This July edition of Cichlid News presents a wonderful mélange of cichlid species and cichlid stories. The first article, by
Don Danko, presents a short history of Central American cichlid species in the American hobby. It is also a trip down
memory lane for me. Back in the early 1980s I was fortunate enough to be invited to speak at a long list of aquarium
clubs and events. One of these was the Ohio Cichlid Association and as such I got to spend numerous weekends over the years
with Don and Marilyn Danko in Ohio. Lately Don had been posting some of his wonderful vintage cichlid photos on Facebook.
The overwhelmingly positive response to them (‘likes’) prompted me to ask him to write a history of his personal hobby
which happily he did accompanied by these photos of the fish. Hope you like this stroll down memory lane as much as I do!
Next, Greg Steeves introduces us to an oddly monotypic genus of snail eaters from Lake Victoria—or are they? Maybe not. Platytaeniodus degeni is a small snail-eating cichlid which was believed until recently to be the only representative of this genus and which is now presumed extinct in the wild, though this species is still in captivity. In Kenya another beautiful haplochromine exists, the “Red Tail Sheller”. Clearly this species is close if not identical to P. degeni. Greg shares a discussion of this nomenclatural dilemma as well as his experiences with them in the aquarium.
Anton Lamboj shares his experiences obtaining and spawning the über-rare Nanochromis minor, a diminutive West African species that has been on the Westie Holy Grail list for many years. Minor, indeed! Males of this aptly-named species reach maximum sizes of just under one inch, with females only about 0.8 inches.
Along the same lines as Greg’s ‘red tail sheller’ story, Ad Konings reviews the perplexing nomenclatural dilemma he believes exists amongst species of the Tanganyikan genus Julidochromis. Ad believes that the small Julies from the southern part of the lake that are exported as J. transcriptus may be natural hybrids and he suggests names for three of the populations known.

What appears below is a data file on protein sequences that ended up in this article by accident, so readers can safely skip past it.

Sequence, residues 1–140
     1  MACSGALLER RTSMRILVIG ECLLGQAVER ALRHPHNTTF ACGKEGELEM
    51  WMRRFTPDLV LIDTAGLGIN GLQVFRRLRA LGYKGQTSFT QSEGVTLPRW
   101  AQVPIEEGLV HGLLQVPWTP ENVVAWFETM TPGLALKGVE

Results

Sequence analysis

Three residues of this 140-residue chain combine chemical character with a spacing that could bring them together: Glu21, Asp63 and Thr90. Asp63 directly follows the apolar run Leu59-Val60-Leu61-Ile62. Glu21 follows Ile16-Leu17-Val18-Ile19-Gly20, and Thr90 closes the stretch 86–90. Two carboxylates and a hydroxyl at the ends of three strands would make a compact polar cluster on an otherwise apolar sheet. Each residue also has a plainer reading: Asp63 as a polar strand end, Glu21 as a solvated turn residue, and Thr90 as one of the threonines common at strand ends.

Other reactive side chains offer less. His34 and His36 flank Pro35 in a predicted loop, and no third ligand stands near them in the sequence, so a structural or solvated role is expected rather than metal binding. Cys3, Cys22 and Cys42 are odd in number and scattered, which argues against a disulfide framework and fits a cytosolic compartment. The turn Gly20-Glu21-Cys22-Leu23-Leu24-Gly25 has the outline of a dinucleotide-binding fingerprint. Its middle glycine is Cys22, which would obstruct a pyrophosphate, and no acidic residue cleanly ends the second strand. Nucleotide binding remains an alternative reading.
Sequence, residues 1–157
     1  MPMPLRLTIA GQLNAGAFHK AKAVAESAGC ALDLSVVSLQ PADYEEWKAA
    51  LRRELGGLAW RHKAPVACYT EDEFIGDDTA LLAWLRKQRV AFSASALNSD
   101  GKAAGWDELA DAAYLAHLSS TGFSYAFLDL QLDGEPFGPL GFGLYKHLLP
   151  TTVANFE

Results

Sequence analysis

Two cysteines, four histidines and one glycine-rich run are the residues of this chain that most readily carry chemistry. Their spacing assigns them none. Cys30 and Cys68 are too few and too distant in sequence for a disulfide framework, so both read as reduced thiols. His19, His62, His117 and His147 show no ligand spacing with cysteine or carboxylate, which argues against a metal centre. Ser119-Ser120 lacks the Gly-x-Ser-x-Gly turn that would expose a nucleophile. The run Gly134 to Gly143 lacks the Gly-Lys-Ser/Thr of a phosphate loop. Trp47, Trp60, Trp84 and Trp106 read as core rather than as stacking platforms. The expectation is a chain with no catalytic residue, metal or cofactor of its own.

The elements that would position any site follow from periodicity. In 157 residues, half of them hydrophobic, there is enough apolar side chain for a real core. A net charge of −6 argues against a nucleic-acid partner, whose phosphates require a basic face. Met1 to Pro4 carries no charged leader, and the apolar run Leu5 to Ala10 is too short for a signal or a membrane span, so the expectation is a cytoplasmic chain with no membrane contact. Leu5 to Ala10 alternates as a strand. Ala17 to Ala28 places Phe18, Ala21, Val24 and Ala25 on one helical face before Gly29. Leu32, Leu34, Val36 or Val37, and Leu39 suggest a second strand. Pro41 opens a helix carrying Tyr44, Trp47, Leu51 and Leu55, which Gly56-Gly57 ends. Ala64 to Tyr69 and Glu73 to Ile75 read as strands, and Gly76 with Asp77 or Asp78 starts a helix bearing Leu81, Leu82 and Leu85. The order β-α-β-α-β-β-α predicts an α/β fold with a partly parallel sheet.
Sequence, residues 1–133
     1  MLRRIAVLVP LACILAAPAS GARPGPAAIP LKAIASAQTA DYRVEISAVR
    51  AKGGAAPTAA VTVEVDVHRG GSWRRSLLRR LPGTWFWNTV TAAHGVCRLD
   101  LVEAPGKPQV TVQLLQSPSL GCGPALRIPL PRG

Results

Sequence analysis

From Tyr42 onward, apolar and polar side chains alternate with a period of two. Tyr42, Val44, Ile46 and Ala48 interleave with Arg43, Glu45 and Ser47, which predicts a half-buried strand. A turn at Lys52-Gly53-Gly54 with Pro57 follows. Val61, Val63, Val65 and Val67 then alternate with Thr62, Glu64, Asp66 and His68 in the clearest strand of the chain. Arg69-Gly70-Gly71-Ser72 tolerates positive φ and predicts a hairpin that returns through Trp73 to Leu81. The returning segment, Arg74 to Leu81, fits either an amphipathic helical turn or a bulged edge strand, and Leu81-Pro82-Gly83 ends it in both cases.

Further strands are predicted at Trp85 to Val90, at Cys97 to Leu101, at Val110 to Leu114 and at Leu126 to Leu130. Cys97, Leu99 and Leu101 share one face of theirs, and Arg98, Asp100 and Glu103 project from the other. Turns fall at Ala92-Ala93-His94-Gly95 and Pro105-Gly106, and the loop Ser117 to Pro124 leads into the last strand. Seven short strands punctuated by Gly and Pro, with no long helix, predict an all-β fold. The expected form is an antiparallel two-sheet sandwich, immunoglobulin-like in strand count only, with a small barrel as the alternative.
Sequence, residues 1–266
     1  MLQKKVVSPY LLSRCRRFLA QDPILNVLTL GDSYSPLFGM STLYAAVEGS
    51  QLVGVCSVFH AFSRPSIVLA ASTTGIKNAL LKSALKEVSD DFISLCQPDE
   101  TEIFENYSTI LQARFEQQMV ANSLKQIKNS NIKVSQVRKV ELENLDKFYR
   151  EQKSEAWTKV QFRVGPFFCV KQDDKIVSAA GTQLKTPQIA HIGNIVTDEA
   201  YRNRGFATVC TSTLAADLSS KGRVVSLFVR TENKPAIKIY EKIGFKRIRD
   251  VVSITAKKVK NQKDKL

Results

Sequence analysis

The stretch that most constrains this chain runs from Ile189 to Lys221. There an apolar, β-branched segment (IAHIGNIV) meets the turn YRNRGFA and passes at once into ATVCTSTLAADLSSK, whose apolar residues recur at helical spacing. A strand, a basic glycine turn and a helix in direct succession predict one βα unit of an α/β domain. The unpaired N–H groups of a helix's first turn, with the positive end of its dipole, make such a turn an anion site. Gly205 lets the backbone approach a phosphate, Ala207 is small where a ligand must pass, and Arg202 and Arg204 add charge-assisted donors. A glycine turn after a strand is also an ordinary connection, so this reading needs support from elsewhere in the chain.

Wolfgang Staeck discusses the identity and geographical provenance of the “True” Heros severus, which has been debated by aquarists and ichthyologists alike. Most recently, a mouthbrooding ‘severum’ from Venezuela was arguably designated as H. severus before then being described and named Heros liberifer (2005). A few years thereafter the true H. severus was identified based on diagnostic vertical banding patterns mentioned in the original Heckel 1840 description.
To round out this issue, Pam Chin reviews the recently released 4th Edition of Ad Konings’ seminal book “Tanganyika Cichlids in their Natural Habitat”, Oliver Lucanus corrects some misidentification errors concerning four of the Lake Mweru cichlids presented in the last issue, and Laif DeMason concludes the issue with his regular What’s New contribution. All-in-All this issue definitely rocks!
From Ad, Laif and myself: enjoy the summer and your cichlids.
|Wayne S. Leibel, Editor
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